Counseling for social justice, part 1: Can we learn from counselors of previous generations? Can we learn with them?

It’s been difficult to find time to write for anyone other than my professors for the last five years, but I want to start trying. I’m interested in writing about trying to become a professional mental health counselor with a strong focus on social justice, since it’s been difficult for me so far.

Here’s the dynamic I think I’m noticing: for good reason, elders in the counseling world want young counselors-in-training (CITs) to adopt a posture of humility and learning. They want us to recognize that there is so much we don’t know about treating our clients well, and to be dependent on them to learn. That is well and good. It is true that we have much to learn.

But Sue, Arredondo and McDavis was published in 1992, and I imagine it took quite some time to get incorporated into the way that CITs were trained. This means that many of today’s counseling elders likely came up in a system in which Eurocentric approaches to mental health were the largely-unquestioned norm. I imagine that is still the case in a lot of places. In my Theories of Counseling course, we didn’t get to theories that start to question those norms, postmodern theories like multicultural, feminist, narrative and collaborative, until the last two chapters of the book and the last week or two of the semester, when we were already rushing to finish our final papers and the class. So you could say that a strong social justice perspective is still lacking in counselor education. Of course, I can only speak for my own experience, but since my program is close to becoming accredited by CACREP, which places many requirements on curriculum, I’m sure the experience is not wildly different for others students in CACREP programs. I’m grateful my program has some faculty with social justice orientations that compensate for the dearth of it in the curriculum. One of them is responsible for bringing the Multicultural Issues in Counseling course into the twenty-first century by imbuing it with a focus on social justice.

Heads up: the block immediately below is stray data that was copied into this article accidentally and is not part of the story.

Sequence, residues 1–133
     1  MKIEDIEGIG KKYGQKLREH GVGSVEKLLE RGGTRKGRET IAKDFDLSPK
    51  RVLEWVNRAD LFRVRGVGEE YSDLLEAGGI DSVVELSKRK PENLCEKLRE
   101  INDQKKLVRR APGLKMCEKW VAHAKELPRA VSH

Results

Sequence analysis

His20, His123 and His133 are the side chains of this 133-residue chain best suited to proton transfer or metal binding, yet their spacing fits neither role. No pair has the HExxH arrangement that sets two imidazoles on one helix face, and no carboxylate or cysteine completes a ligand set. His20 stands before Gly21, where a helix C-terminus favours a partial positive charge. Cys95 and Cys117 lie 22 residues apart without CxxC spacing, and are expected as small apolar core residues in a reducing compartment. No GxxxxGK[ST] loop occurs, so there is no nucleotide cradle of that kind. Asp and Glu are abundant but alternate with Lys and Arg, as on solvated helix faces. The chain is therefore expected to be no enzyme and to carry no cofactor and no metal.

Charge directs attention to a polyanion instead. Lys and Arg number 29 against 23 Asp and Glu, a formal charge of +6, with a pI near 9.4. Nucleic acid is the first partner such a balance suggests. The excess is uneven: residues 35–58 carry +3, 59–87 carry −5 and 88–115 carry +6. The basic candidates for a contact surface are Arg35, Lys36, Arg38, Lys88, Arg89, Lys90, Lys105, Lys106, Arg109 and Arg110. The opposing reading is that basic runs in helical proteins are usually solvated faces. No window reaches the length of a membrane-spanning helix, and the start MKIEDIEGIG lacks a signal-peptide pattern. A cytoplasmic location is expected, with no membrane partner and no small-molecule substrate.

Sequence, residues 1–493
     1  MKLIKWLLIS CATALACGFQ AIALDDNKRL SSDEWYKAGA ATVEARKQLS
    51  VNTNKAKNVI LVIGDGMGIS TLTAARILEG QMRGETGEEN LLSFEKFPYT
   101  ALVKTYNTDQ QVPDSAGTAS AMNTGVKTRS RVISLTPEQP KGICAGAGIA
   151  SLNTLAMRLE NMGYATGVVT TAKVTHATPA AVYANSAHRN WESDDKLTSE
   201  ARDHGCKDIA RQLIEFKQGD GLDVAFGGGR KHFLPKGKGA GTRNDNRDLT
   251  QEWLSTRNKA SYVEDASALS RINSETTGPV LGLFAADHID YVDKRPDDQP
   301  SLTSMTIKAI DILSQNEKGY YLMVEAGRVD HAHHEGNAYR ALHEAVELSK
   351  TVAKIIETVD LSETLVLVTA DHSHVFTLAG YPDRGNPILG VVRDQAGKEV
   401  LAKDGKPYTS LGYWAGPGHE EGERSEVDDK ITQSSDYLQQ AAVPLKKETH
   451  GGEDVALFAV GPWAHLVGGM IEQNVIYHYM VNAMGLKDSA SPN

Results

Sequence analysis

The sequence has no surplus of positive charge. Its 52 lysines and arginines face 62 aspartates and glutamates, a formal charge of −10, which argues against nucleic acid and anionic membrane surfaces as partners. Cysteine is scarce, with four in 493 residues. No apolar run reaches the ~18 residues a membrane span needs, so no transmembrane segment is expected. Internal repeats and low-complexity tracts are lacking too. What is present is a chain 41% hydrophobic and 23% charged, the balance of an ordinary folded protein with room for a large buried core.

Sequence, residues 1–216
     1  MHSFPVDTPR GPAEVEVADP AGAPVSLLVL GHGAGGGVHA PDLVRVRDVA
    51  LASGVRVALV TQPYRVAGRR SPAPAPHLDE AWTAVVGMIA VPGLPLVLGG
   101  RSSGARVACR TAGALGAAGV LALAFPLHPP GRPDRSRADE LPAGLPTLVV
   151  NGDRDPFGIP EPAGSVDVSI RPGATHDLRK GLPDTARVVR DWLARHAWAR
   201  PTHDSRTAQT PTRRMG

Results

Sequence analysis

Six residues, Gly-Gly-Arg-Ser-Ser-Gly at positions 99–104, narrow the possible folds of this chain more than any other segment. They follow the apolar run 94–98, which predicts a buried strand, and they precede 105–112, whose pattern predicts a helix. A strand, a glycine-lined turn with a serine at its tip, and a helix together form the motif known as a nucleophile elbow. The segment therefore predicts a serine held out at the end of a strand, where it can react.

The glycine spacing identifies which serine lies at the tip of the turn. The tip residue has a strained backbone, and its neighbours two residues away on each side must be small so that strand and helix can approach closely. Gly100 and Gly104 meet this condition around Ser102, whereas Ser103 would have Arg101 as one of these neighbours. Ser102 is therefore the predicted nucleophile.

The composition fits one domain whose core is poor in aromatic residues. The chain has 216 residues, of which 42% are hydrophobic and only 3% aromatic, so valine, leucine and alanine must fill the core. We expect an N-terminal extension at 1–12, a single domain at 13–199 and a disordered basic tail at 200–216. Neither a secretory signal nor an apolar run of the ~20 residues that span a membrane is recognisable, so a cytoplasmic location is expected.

So, while I understand that I and my fellow CITs have much to learn about counseling, treatment planning, note writing, etc., I wish that counseling elders would more readily acknowledge that they may be less practiced in questioning norms than those of us who’ve grown up in a world where doing so is increasingly an expectation. If they did, it would be easier to combine the best of what we each know, rather than falling into the age-old trap of indiscriminately rejecting the values of the previous generation.